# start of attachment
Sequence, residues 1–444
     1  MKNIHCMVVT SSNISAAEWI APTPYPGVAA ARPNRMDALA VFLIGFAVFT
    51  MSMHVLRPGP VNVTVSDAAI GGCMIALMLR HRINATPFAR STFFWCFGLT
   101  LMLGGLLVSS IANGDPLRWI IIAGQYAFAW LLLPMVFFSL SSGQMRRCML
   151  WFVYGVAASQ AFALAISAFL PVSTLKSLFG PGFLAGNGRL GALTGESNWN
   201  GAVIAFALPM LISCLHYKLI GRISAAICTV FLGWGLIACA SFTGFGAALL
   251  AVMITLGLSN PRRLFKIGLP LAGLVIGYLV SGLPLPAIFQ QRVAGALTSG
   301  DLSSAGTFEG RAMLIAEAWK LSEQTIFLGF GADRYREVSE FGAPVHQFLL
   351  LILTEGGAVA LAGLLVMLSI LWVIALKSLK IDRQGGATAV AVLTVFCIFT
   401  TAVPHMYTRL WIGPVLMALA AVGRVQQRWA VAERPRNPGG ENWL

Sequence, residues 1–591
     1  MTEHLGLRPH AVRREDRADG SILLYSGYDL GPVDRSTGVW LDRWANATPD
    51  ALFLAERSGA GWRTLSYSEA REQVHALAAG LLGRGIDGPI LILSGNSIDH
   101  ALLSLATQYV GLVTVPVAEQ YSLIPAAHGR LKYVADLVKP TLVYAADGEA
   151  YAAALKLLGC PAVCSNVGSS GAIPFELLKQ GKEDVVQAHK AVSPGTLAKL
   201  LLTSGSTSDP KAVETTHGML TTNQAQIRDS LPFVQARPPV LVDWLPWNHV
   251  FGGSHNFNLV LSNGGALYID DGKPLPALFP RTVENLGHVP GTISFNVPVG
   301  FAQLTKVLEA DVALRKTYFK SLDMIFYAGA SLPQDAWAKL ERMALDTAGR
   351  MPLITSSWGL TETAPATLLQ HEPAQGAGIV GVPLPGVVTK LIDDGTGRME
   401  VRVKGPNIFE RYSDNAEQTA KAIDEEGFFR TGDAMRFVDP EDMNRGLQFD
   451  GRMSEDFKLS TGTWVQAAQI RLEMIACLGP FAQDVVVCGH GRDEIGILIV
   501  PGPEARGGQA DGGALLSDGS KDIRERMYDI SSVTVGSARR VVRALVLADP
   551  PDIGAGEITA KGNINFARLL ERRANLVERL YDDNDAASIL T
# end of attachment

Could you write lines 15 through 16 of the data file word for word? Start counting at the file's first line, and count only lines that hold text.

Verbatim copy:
   151  YAAALKLLGC PAVCSNVGSS GAIPFELLKQ GKEDVVQAHK AVSPGTLAKL
   201  LLTSGSTSDP KAVETTHGML TTNQAQIRDS LPFVQARPPV LVDWLPWNHV